All telecommunications networks are reliant on software controlled equipment, and unfortunately, no software is immune from errors and operational failings. A big cause for concern are ‘systemic’ or ‘common-mode’ failure, where a software error in one network node leads to the same fault to occur in other connected nodes, which further leads to a ‘runaway’ failure of an entire network. These threats are not only disruptive, but can lead to power outages across networks, towns and cities.

Electronic Interference

Telecommunications networks, including those using IP technology, can be vulnerable to external conditions entering the system via the network itself. A whole host of threats fall under this category, and these include:

In the next section we take a look at what can be done to mitigate these threats.

Current Legislation Within The Telecoms Industry

Because the threats mentioned in the previous section could be detrimental to the stability of business operations, the government has issued guidelines and legislation that relate to each of the aforementioned threats, and these are as follows:

Physical Threats

Businesses should:

Loss of Key Inputs

System/Logical Failures

These threats have to be accounted for and designed-in from the start.

For example:

It’s actually for this reason that BT maintains a group of strategically positioned trailer-mounted exchanges which can be deployed where they are needed for fast restoration. Beyond this, replacement power equipment and generators can be deployed. All telephone exchanges can also use duplicated computers and switch paths internally.

Software Failures

Exchange equipment should be designed to detect software which is not working properly, contain the problem and restart the troublesome sub-system.

To avoid ‘common mode’ failures, some companies will use two types of equipment in their network from different suppliers, to prevent any ‘domino failures’.

Electronic Interference

No network has unending amounts of spare capacity to cope with the increased demand for calls which occur during major incidents. Traffic overloads in telephone networks can cause major problems which can be avoided by using traffic management techniques, such as ‘call gapping’ which lessens the load on the system to one that can be safely managed and maintained. In some situations, priority access to the networks can be provided to ensure that appropriate public authorities can continue to function effectively.

For further guidance, please refer to:

In the next section we discuss electrical power planning in the telecoms sector and the importance of emergency responses.

Electrical Power Planning In The Telecoms Sector

As stated in chapter 7 of, ‘Telecommunications Networks – a vital part of the Critical National Infrastructure’’: ‘Emergency Plans And Response Measures’:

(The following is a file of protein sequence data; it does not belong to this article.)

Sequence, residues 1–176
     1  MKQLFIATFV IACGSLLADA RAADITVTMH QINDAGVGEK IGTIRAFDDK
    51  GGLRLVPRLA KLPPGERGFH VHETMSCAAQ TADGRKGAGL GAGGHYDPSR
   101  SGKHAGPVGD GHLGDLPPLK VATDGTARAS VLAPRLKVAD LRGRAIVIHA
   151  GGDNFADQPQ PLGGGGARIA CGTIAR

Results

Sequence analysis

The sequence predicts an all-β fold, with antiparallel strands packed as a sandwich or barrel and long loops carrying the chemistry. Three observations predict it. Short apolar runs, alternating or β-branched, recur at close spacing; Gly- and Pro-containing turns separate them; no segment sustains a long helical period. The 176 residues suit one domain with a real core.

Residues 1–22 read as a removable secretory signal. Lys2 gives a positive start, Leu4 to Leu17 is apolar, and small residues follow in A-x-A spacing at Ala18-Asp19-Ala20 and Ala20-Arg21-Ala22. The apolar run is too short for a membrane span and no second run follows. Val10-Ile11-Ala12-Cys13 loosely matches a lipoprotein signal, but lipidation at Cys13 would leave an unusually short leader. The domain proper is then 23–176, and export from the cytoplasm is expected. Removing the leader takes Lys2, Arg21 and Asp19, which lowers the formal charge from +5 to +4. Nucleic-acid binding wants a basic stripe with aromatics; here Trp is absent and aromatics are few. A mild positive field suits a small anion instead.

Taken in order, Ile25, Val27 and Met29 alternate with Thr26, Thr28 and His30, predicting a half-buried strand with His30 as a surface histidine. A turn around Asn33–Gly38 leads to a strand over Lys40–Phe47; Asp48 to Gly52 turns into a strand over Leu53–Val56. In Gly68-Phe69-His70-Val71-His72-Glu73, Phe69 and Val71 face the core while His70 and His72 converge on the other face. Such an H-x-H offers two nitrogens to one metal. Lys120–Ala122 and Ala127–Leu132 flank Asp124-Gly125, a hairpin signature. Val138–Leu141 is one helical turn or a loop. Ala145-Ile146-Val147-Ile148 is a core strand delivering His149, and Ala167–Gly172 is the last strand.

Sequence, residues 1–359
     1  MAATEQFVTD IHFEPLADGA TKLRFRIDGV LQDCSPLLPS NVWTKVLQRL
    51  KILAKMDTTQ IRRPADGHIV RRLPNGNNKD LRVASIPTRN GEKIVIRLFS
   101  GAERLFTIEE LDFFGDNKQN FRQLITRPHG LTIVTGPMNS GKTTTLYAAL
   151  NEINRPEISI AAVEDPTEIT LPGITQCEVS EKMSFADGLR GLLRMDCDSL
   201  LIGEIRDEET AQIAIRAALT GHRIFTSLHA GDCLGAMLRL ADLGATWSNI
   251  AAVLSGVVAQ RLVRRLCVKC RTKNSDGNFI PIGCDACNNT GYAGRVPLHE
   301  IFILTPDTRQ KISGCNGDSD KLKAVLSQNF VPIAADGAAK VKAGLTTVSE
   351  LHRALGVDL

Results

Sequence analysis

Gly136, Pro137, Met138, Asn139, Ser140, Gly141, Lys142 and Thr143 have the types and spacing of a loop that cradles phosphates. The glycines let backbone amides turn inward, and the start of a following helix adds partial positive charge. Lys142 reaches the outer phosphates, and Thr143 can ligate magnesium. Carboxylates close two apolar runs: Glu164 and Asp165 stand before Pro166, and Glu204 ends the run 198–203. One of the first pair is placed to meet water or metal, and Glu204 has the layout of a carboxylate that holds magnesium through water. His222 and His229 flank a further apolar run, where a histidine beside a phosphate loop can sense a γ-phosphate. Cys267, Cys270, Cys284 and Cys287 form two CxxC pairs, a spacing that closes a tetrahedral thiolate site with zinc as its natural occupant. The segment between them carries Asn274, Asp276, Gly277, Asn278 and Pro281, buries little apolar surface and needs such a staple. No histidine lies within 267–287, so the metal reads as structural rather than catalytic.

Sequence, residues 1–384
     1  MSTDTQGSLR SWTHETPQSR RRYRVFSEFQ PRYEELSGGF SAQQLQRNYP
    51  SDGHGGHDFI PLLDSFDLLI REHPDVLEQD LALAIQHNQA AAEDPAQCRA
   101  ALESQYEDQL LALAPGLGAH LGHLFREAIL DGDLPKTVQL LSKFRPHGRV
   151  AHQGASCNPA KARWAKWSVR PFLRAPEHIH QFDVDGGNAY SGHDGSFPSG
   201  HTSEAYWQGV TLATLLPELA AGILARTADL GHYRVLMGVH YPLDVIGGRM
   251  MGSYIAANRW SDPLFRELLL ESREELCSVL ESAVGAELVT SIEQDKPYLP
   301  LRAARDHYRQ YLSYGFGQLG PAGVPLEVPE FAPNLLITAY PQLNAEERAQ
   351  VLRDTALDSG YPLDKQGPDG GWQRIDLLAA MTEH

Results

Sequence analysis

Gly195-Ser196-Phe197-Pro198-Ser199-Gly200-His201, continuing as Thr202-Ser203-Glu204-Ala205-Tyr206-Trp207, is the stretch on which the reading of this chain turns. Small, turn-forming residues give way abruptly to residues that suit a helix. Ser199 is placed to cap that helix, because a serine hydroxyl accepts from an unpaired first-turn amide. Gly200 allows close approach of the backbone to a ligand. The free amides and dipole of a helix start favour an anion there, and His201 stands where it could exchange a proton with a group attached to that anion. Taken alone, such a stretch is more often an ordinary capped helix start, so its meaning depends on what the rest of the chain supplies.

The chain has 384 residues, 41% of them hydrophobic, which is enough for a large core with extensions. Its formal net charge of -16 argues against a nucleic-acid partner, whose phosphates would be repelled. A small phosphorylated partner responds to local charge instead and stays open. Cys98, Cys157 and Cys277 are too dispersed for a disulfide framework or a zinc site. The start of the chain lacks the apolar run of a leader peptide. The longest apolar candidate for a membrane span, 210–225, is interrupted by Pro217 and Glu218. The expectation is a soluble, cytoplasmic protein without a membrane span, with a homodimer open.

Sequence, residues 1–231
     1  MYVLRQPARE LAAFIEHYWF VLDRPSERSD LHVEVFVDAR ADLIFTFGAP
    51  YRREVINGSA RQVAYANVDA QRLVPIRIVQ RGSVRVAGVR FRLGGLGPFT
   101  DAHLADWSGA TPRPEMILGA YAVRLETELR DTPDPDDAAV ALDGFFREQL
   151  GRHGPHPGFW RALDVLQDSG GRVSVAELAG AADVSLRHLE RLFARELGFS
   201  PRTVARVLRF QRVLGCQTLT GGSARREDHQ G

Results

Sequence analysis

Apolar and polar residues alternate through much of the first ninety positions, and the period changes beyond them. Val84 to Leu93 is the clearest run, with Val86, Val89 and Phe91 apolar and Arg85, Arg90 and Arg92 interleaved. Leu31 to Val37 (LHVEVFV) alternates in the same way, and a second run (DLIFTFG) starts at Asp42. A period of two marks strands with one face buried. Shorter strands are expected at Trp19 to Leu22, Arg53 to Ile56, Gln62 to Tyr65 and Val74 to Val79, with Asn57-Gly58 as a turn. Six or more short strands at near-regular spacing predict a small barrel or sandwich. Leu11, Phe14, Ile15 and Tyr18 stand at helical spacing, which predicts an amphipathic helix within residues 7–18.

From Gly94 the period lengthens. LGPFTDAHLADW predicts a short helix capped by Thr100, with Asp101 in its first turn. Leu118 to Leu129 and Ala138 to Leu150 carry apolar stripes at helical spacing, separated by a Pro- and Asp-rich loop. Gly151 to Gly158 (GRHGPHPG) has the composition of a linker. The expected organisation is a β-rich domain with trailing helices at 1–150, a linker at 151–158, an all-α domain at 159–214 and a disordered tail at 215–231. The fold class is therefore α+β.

‘’However well telecommunications providers build their networks and systems, the investment in resilience will always reflect the perceived risks, the known vulnerabilities and the practicality of trying to protect assets against the increasingly uncertain modes of attack by malicious parties. It is therefore important that as well as building in resilience and other mitigating measures against risks, there should be clear plans and response measures should emergency situations arise.’’

Telecommunications providers have always worked with Emergency Planning organisations in both central and local government to deliver support for emergencies within the community.

Under CSIA’s chairmanship, the Telecommunications Industry Emergency Planning Forum operates under two key documents:

There is also a non-disclosure agreement which protects any shared information from going beyond the emergency planning community.

The Emergency Plan contains information on emergency contact points, emergency scenarios, management processes for handling emergencies, and priority customers and services.

The aims of the emergency arrangements in place within the document are consistent with the Cabinet Office “Concept of Operations” (CONOPs) to:

As stated in the plan: ‘’A telecoms emergency can take many forms, but an emergency response may be required as a result of, for example, a major technical failure, an electronic attack (on telephony or data systems, including the internet) as well as human error, or infrastructure being affected by flooding or other incidents. The response to this will be determined by the severity and cause of the disruptions.’’

How information is shared is a key part of the emergency response, with steps including:

NEAT is the National Emergency Alert for Telecoms and is used to coordinate an industry response to a crisis as well as for liaison between industry and government. BIS is responsible for leading the response to a civil emergency involving telecoms, or forms part of a response to an event where telecoms are disrupted, either directly or indirectly.